After years of debate and weeks of regulatory wrangling, legal sports betting officially arrives in Massachusetts at 10 a.m. Tuesday — at least in part. The state’s three casinos — Encore Boston Harbor in Everett, Plainridge Park Casino in Plainville and MGM Springfield — will open their sportsbooks and begin taking bets, while the state Gaming Commission continues to work toward an anticipated March launch date for mobile-only sports betting.

It’s the biggest change in the Massachusetts gambling landscape since the opening of the casinos first authorized under a 2011 law, and a day that’s been eagerly awaited by both sports fans and the elected officials who pushed to legalize wagering on athletic events.

Here are four things to know as sports betting kicks off in Massachusetts.

Legal betting begins with fanfare, and big names.

Each of the three casinos is marking the start of sports wagering with its own special event, all featuring athletes with Massachusetts ties on their marquees. Boston Bruins legend Ray Bourque will be on hand for MGM Springfield's inaugural bet, and former New England Patriot Rob Ninkovich will take part in the festivities at Plainridge Park Casino. Encore Boston Harbor has a slew of athletes on its morning event roster -- former Bruin Shawn Thornton, former Patriots Ty Law and Matt Light, former Boston Celtics Cedric Maxwell and Eddie House, former Red Sox outfielder Johnny Damon, and hockey player Angela Ruggiero, a four-time Olympian.

Members of the Gaming Commission visited each of the three sportsbooks on Monday, touring the facilities and testing out their ability to accept wagers.

It's more than just the major sports.

Regulators picked launch dates with an eye toward the Super Bowl on Feb. 12 and the March Madness college basketball tournament, but the universe of Massachusetts sports betting will be much broader than just football and basketball. Along with the other sports you might expect like baseball, hockey, golf and soccer, the gaming commission's catalog of approved events and wagers covers everything from Australian Rules football to volleyball. There's also floorball, handball, bowling, lacrosse, pool, rodeo, sailing, beach soccer and special events like the Oscars, the Emmys and Nathan's Famous Hot Dog Eating Contest.

Wagers are forbidden on any sports or sporting events overseen by Russian or Belarusian governing bodies, and on competitions where the final outcome is based primarily on a judge's evaluation. People under 21 cannot bet legally in Massachusetts, and bets cannot be made by credit card.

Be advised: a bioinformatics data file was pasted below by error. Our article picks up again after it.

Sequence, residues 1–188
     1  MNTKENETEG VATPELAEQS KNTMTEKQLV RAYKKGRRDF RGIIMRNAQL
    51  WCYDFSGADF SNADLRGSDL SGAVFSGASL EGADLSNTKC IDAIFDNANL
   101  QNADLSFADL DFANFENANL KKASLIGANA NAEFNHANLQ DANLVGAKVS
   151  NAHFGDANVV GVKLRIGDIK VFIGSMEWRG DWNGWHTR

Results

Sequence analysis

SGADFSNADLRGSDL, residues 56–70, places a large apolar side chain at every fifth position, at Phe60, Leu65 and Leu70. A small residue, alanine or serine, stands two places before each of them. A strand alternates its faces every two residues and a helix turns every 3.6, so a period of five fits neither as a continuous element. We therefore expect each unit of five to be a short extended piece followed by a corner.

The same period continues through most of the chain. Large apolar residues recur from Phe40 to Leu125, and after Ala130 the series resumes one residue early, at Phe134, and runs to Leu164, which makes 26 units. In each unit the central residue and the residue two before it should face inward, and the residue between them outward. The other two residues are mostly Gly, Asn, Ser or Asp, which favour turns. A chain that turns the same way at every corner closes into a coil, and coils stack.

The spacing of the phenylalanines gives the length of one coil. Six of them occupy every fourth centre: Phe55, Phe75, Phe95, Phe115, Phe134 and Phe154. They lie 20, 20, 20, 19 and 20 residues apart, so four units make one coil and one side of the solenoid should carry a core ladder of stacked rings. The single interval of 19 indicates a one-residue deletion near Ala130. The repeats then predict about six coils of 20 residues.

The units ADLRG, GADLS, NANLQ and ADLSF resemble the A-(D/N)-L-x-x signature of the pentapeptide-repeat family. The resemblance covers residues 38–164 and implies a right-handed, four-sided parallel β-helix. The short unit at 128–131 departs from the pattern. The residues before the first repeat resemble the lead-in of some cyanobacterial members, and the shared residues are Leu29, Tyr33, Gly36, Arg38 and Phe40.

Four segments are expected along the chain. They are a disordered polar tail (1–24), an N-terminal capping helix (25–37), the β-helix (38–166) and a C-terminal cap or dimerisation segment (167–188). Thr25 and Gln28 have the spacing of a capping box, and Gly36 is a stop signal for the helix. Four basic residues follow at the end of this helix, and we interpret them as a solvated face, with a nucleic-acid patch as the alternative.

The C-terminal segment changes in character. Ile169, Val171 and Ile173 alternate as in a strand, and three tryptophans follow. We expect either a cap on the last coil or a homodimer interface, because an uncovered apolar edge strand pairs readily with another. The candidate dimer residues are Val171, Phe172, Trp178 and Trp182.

Betting on college sports is allowed, with a caveat. Generally, wagering is not allowed on teams from Massachusetts schools, unless the local team is participating in a tournament like March Madness.

It was a long road to get here.

Massachusetts lawmakers had been discussing the possibility of legalizing sports betting since 2018, when the U.S. Supreme Court struck down a federal ban, but it took years to get a bill over the finish line. The state House approved sports betting legislation on three separate occasions, and the Senate didn't join in until April 2022. The two branches reconciled their differences during an all-night session last summer, and former Gov. Charlie Baker signed the state's sports betting law on Aug. 10.

Sports betting begins about seven years after Plainridge Park opened as the state's first casino, and more than 50 years after the launch of the state lottery. As the legalization bill lingered at the House, its proponents said the lag was not keeping Bay Staters from making wagers, but driving them — and the associated revenue — instead to the black market or to the already up-and-running operations in states like New Hampshire, Rhode Island and Connecticut. With the bets placed Tuesday, Massachusetts will join 32 other states and Washington, D.C., with live, legal sports betting markets, according to the American Gaming Association.

It’s a highly-regulated, big-money business.

The state will tax the revenue that casinos and other betting operators collected — 15% for in-person bets and 20% for mobile bets. Lawmakers estimated sports betting will generate $60 million in annual tax revenue for the state. On top of that, they projected as much as $80 million in initial licensing fees that will need to be renewed every five years.

The sports-betting law itself is just one of many sets of rules at play. The Gaming Commission has been working its way through more than 200 sets of regulations, and each casino has its own house rules, maximum and minimum bet levels, operating hours, and other policies. After touring MGM Springfield's sportsbook for a test run Monday, Gaming Commissioner Brad Hill said sports betting rules were easily accessible on a betting kiosk there, and responsible gaming messages — intended to help avoid problem gambling — were widely displayed.

Last week, the commission launched a Voluntary Self-Exclusion list for sports betting, where individuals looking to restrict their gambling can ask the Gaming Commission to ban them temporarily or permanently from sportsbooks and mobile betting apps The commission continues to offer the same option for casino gambling.